The Jason Van Dyke case showed the danger of being ruled by fear
Jason Van Dyke was guilty second degree murder today, but in an overwhelming number of cases in America if a cop shoots someone because they are angry they are considered a murderer, while if they shoot someone ‘one because he’s scared, he’s innocent.
We don’t really know what was going through Jason Van Dyke’s head when he shot LaQuan McDonald. It is possible that he was legitimately scared when he shot the teenager 16 times, as he and Laurence Miller, a Florida-based clinical psychologist, testified in the defense of the former cop.
But an officer can be frightened and still act unfairly. It is worth interrogating this fear and deciding whether it is sufficient to justify the murder, and if so whether it provides enough to found a justice system.
Chris Hayes’ 2017 book A colony within a nation does a masterful job of explaining how our country, once founded on principles of justice for all, now looks a lot like a police state.
He attributes much of the problem to a widespread sense of fear, particularly the racial fear of whites towards non-whites. “We are obsessed with order, fear trumps civil rights,” writes Hayes. Fear of waves of crime, terrorist attacks, turns into
Today, fear of what might happen if the Van Dyke verdict goes the other way, and the protesters – largely African-American – have taken to the streets in rage, has sparked all manner of overreaction in Chicago.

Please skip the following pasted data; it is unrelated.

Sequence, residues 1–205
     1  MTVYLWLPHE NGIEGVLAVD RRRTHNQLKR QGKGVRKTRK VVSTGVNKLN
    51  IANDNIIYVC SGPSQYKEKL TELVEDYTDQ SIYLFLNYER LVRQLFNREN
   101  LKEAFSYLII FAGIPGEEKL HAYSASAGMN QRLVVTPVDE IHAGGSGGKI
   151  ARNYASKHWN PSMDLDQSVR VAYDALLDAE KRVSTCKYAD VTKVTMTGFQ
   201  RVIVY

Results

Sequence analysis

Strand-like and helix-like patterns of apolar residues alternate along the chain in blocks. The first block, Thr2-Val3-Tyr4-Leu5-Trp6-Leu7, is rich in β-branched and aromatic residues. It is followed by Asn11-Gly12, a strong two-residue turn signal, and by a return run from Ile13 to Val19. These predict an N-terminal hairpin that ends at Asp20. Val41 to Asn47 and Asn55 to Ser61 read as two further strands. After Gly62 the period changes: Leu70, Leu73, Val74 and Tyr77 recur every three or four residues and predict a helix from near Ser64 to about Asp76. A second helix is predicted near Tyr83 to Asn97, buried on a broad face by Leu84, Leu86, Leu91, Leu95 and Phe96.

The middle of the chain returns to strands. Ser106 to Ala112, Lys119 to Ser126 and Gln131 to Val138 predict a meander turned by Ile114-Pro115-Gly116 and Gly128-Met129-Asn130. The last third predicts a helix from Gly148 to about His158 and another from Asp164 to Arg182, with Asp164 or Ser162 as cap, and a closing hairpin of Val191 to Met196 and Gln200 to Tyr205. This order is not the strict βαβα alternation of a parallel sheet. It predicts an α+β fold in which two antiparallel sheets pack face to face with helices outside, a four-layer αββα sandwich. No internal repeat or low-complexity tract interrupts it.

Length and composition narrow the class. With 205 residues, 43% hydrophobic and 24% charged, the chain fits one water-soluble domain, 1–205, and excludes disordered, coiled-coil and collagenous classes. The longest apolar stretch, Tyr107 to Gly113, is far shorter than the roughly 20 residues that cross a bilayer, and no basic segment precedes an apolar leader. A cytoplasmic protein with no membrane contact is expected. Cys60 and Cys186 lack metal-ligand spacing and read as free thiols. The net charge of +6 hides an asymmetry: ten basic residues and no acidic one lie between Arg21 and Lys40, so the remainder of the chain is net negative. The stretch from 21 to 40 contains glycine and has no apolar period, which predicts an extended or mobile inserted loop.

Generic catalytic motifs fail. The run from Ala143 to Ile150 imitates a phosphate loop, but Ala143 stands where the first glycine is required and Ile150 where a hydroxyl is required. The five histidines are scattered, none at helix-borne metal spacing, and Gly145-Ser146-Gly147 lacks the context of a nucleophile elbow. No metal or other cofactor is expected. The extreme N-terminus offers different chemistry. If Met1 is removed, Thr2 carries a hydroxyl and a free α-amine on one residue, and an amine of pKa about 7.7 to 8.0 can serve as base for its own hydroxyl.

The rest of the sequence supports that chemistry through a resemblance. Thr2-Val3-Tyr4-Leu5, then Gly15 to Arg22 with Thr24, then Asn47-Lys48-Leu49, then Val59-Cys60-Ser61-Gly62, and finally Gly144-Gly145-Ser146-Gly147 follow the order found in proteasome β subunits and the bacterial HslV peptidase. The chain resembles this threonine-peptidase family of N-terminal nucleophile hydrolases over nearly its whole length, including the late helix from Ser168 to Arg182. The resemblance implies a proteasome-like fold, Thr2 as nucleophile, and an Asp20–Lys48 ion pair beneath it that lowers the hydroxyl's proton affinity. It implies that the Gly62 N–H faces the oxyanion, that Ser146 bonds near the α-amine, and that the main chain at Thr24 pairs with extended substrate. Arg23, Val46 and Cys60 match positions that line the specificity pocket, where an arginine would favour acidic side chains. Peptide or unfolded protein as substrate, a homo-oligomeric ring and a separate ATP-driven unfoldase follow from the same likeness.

The Chicago Police Department has deployed 4000 additional agents downtown in anticipation of the unrest. Many of the city’s corporate offices either told their employees to stay home or told them to leave early as soon as a verdict was rendered. The city’s high schools have canceled sporting events. DePaul evacuated its entire Loop campus.
The entire Loop campus is evacuated, including DePaulia staff from our DePaul Center offices
We will still publish our new issue on Monday as planned.
– The DePaulia (@TheDePaulia) October 5, 2018
All this was deemed necessary although, as WBEZby Natalie Moore noted on Twitter, there has not been a full-fledged riot in Chicago for 50 years, and as many activists took to the streets after the 2015 video showing Van Dyke shooting McDonald’s was released, the marches were extremely peaceful.
The Van Dyke case isn’t just a story about a man’s exaggerated fear of a 17-year-old who wielded a three-inch blade. This is the story of the strange contradiction at work in Chicago and across America: the safer we live, the more we fear losing it, and the more irrational we act.